- The Washington Times - Wednesday, September 10, 2014

There is no current intelligence suggesting Islamic State militants are plotting attacks on the U.S., Homeland Security officials told Congress on Wednesday, but they acknowledged the dangers of a terrorist trying to sneak across a porous southern border or a lone wolf attack inspired by the insurgents’ advances in Iraq and Syria.

Hours before President Obama made his case for an expanded military response to combat the Islamic State — also known as ISIL or ISIS — top Homeland Security intelligence officials said the terrorists have the potential to develop into a direct danger to the U.S., but for now it’s a remote threat.

“ISIL’s ability to carry out complex large-scale attacks in the West is currently limited,” said Nicholas Rasmussen, deputy director of the National Counterterrorism Center. “Left unchecked, however, that capability is likely to grow and present a much more direct threat to the homeland.”

Lawmakers were not convinced the danger is so remote.

“Today, ISIS is the biggest threat to the homeland. These terrorists are brutal, driven and intent on attacking the United States,” said House Homeland Security Committee Chairman Michael T. McCaul, Texas Republican. “The largest concern is ISIS’s recruitment of foreign fighters, many of whom have Western passports that could ease their travel into Europe and into the United States to carry out attacks.”



As Mr. Obama pleads for support for his broader military campaign, members of Congress and the public are grappling with whether the Islamic State is enough of a threat to justify more American strikes and sending more military hardware to moderate rebels.

Some lawmakers want to go further, saying expanded use of American troops, including special operations teams, should be on the table.

The public is already concerned enough about the danger to support an expanded campaign.

An ABC-Washington Post poll released this week found 59 percent see the Islamic State as a “very serious threat” to American vital interests, and another 31 percent say it’s a “somewhat serious” threat.

A Fox News poll released Wednesday found 50 percent of voters believe U.S. ground troops will eventually be needed to defeat the Islamic State, compared to 27 percent who said airstrikes alone will be enough. The rest were uncertain.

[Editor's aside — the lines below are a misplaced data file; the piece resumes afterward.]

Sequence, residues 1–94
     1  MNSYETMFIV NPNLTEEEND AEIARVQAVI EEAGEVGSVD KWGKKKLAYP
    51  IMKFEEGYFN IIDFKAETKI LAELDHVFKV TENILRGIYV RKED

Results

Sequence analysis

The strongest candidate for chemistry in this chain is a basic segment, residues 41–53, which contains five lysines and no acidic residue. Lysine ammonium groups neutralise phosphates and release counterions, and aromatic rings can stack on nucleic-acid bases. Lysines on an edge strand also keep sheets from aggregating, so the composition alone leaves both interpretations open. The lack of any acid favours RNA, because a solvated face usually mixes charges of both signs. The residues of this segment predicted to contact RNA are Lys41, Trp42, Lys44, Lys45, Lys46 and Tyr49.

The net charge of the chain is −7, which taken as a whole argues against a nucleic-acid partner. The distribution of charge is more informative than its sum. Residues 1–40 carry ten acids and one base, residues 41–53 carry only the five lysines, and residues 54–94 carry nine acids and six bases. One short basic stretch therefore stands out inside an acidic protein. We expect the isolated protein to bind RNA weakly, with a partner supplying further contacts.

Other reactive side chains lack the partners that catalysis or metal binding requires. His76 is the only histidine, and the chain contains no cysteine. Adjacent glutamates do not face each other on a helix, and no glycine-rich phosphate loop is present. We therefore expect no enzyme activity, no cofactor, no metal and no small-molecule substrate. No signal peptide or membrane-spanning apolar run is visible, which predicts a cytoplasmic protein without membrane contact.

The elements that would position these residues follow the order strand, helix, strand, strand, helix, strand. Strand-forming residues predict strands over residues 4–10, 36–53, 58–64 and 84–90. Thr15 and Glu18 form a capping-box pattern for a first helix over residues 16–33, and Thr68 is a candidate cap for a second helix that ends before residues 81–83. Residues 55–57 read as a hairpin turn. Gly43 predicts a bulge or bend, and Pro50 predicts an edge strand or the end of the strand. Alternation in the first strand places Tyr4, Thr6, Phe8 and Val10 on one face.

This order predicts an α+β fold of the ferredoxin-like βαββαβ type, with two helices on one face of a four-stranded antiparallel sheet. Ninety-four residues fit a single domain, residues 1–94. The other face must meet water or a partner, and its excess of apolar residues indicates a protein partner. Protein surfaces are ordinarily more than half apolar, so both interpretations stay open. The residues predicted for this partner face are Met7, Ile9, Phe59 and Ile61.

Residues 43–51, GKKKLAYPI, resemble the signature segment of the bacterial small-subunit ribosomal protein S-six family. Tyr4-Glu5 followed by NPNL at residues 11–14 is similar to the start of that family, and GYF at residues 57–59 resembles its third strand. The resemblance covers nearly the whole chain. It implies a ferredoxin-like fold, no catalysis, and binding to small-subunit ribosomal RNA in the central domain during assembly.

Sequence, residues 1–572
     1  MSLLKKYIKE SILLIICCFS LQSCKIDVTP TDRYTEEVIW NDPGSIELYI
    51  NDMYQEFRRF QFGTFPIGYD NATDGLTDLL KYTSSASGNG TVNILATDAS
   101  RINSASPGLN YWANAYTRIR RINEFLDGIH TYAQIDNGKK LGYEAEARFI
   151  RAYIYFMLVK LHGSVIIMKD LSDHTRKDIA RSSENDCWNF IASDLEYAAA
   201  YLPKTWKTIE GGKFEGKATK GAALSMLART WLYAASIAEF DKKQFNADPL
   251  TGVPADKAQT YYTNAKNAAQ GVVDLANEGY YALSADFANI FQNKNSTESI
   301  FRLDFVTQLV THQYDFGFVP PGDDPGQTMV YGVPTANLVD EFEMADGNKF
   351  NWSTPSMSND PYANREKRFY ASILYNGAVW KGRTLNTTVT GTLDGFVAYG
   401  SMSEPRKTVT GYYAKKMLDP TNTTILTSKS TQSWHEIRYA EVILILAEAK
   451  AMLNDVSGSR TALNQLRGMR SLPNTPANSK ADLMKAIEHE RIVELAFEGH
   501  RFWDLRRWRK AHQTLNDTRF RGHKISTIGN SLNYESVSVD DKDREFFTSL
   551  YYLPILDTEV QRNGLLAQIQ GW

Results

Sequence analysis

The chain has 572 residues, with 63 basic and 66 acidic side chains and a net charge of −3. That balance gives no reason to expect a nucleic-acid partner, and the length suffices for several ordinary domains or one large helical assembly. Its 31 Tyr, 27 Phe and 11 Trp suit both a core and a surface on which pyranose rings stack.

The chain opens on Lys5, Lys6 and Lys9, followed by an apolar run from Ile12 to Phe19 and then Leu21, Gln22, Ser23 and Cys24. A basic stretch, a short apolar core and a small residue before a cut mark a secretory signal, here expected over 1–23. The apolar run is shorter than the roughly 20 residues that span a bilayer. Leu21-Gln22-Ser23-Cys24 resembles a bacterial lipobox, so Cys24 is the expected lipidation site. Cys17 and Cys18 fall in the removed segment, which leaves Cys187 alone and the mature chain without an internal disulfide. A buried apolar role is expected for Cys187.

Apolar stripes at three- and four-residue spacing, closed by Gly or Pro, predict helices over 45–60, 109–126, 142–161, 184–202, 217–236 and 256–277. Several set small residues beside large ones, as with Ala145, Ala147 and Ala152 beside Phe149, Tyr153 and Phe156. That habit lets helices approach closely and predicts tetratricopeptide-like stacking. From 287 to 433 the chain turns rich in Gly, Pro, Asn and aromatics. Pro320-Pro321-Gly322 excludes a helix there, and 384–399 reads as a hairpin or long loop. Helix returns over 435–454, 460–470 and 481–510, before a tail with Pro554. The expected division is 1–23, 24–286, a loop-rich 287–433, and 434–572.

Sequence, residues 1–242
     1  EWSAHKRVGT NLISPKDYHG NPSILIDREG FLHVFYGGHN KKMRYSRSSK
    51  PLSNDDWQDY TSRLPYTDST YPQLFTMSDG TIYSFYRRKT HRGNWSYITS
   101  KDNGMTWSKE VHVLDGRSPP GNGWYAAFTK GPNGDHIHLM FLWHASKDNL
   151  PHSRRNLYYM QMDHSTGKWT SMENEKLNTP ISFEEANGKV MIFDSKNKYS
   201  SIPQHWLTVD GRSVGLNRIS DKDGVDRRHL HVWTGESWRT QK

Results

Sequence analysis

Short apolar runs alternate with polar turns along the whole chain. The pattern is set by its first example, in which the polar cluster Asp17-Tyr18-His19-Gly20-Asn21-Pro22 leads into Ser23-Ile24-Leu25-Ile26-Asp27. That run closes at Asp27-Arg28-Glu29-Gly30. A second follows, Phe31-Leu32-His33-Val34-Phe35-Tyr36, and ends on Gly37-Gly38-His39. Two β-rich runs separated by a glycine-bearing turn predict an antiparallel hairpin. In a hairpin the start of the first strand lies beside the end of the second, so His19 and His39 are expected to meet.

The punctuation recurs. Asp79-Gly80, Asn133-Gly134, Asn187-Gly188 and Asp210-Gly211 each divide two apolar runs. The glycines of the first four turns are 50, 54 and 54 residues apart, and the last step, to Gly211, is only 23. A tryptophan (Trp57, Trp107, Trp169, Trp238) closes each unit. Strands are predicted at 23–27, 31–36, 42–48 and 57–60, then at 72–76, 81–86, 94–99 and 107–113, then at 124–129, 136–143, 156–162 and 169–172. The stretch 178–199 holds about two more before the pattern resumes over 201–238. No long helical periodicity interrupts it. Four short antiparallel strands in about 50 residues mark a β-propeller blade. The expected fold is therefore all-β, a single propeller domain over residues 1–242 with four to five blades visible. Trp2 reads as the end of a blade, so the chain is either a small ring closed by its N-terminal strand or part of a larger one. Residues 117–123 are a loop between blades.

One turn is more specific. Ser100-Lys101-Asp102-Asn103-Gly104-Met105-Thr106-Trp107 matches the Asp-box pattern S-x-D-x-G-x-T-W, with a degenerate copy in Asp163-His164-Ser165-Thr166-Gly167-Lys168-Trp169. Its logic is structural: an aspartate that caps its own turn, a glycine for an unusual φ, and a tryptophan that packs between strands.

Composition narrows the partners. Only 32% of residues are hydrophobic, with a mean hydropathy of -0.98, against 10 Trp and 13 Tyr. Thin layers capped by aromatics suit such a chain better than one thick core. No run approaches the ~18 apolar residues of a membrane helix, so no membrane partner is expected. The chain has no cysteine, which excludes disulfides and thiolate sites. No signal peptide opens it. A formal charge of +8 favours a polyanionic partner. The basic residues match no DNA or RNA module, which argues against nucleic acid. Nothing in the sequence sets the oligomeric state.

The Fox poll also found 78 percent believe the Islamic State “will try to launch an attack on U.S. soil in the near future.”

At the Capitol on Wednesday, Sen. John McCain, Arizona Republican, peppered Francis Taylor, a top Homeland Security intelligence official, with questions about whether Islamic State militants could exploit lax border security.

“I’m satisfied that we have the intelligence and the capability at our border that would prevent that activity,” Mr. Taylor replied.

Mr. McCain was skeptical, pointing to conservative activist James O’Keefe’s recent successful attempt to cross the border dressed like Osama bin Laden.

Mr. Taylor said officials had observed Mr. O’Keefe’s crossing — though he couldn’t say why they were unable to stop him.

“If I gave you the impression that I thought that border security was what it needed to be to protect against all the risks coming across the state, that’s not what I intended to say,” Mr. Taylor said.

Homeland Security Secretary Jeh Johnson, speaking in New York, said that while the U.S. hasn’t learned of any Islamic State plans to attack the U.S. itself, the terrorists are intent on killing Americans they encounter overseas.

Even without specific information of a threat, Mr. Johnson said the U.S. has stepped up its screening of passengers at about 25 overseas airports with direct flights to the U.S.

He also said intelligence officials are trying to track the thousands of foreign fighters who have poured into Syria to fight with the Islamic State, hoping to prevent any of them from returning to the U.S. to carry out attacks here.

But he said the biggest threat here remains a “lone wolf” — someone who isn’t part of an organized terrorist group but who is inspired by militants to attempt an attack. Such was the case with last year’s Boston Marathon bombing.

Mr. Johnson said his department will take one step to try to combat that danger later this week when it tells retail stores to pay more attention to their customers’ buying patterns.

Homeland Security will distribute a “long list” of everyday items that could be considered explosive precursors. Mr. Johnson wants retailers to report if they see any customers buying an unusual amount of those products.

He didn’t detail the list beyond the example of pressure cookers, which are common kitchen appliances but which were used in the crude improvised explosive devices the Boston Marathon bombers used.

“We can’t and we shouldn’t prohibit the sale of a pressure cooker. We can sensitize retail businesses to be on guard for suspicious behavior by those who buy this kind of stuff,” Mr. Johnson said.

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